During his seven-year tenure at the helm of the B.C. Civil Liberties Association, Josh Paterson could take pride in some major successes.
The organization won a landmark Supreme Court of Canada decision overturning the federal government's prohibition on medically assisted death.
That led to new legislation coming forward, which the BCCLA is also challenging. That's because Paterson and others believe it fell far short of the Supreme Court of Canada's parameters of what should be available to Canadians.
The BCCLA also won success with the John Howard Society in challenging the use of indefinite solitary confinement in federal prisons.
And it persuaded the provincial government to introduce legislation to curb so-called SLAPP—a.k.a. strategic litigation against public participation—lawsuits designed to stifle public discussion of controversial subjects.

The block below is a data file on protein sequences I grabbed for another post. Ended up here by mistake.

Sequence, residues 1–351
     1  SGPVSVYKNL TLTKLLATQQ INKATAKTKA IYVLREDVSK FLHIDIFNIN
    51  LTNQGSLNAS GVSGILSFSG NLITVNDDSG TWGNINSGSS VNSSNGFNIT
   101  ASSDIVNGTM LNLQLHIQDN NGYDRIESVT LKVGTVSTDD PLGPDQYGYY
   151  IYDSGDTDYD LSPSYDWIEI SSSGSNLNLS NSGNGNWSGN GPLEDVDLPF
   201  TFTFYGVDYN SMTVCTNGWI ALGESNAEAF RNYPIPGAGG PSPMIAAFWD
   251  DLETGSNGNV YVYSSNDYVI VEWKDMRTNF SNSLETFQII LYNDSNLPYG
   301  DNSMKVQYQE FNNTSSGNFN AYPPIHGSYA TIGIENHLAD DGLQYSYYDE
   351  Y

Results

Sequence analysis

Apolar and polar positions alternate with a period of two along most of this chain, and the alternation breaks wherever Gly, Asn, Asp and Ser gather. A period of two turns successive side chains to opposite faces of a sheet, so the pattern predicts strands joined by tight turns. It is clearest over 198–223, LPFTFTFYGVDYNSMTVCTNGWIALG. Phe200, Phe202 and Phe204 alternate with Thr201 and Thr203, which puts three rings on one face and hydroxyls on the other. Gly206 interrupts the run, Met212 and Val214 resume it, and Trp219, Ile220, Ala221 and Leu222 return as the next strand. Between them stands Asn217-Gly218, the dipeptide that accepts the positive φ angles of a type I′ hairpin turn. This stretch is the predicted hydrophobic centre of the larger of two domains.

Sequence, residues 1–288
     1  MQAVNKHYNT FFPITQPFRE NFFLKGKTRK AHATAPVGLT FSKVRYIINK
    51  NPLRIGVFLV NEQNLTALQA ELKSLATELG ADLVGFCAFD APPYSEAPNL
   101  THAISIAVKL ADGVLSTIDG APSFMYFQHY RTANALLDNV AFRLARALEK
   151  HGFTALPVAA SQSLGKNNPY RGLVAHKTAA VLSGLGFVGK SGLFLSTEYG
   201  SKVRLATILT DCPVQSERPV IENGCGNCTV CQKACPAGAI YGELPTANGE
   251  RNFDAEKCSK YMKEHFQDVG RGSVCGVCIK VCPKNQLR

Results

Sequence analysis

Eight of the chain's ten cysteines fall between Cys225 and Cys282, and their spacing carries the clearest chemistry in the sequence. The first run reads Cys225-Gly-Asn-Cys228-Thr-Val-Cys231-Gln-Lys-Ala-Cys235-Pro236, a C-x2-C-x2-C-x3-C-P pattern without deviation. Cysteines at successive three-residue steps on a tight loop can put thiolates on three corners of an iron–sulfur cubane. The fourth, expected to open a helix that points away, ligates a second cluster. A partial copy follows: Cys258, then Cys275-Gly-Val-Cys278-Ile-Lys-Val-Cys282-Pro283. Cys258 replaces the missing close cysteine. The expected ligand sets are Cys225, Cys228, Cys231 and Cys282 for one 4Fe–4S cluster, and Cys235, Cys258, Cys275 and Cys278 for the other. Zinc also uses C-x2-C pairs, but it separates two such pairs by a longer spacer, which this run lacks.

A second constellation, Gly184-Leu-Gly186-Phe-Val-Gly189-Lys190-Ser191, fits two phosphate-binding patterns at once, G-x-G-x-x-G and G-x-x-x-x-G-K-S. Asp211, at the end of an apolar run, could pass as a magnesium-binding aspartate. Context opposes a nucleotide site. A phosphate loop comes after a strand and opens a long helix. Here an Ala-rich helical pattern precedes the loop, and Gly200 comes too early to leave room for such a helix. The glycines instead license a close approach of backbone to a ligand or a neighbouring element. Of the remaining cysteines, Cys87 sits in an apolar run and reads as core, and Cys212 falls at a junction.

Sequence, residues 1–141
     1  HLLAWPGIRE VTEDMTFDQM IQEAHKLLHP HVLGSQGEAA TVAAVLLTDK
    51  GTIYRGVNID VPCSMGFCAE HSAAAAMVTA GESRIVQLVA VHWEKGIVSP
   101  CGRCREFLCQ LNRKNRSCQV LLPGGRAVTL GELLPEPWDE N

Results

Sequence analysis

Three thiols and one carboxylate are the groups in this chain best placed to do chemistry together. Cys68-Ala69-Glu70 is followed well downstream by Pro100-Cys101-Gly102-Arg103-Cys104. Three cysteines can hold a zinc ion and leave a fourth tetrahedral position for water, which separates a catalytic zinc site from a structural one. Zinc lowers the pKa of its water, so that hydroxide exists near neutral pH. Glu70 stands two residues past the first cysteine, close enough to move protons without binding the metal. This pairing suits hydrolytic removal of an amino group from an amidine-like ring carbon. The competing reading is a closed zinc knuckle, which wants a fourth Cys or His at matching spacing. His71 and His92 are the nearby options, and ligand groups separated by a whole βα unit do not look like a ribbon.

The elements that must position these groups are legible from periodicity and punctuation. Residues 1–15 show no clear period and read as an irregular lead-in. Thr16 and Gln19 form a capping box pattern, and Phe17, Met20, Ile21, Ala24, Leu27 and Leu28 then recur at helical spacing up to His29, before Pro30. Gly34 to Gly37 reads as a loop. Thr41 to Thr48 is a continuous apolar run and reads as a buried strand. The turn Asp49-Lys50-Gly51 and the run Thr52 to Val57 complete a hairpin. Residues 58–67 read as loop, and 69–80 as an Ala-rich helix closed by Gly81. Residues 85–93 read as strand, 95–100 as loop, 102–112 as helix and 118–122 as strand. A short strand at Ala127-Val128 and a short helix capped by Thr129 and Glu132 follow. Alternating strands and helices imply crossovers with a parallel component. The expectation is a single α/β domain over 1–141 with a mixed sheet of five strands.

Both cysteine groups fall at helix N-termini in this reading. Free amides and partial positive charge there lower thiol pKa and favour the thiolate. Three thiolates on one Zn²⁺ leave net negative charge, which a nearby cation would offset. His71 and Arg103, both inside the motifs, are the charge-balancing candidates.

Today, Paterson announced that he's leaving the BCCLA to accept a new position as executive director of the Law Foundation of British Columbia.
In a letter on the BCCLA website, Paterson stated that it's "a great time for the BCCLA to transition to new leadership", having completed its first strategic plan and being in a "healthy financial situation".
A year ago, the BCCLA and the Union of B.C. Indian Chiefs filed a complaint with the Office of the Police Complaint Commissioner over why a disproportionate number of Indigenous and black people are stopped in street check.
The BCCLA is also campaigning for independent oversight of the Canadian Border Services Agency.
Paterson succeeded David Eby as the BCCLA executive director when Eby decided to run as a New Democrat against then B.C. Liberal premier Christy Clark in Vancouver–Point Grey in the 2013 general election.
Prior to working for the BCCLA, Paterson was the Aboriginal and natural resources lawyer at West Coast Environmental Law.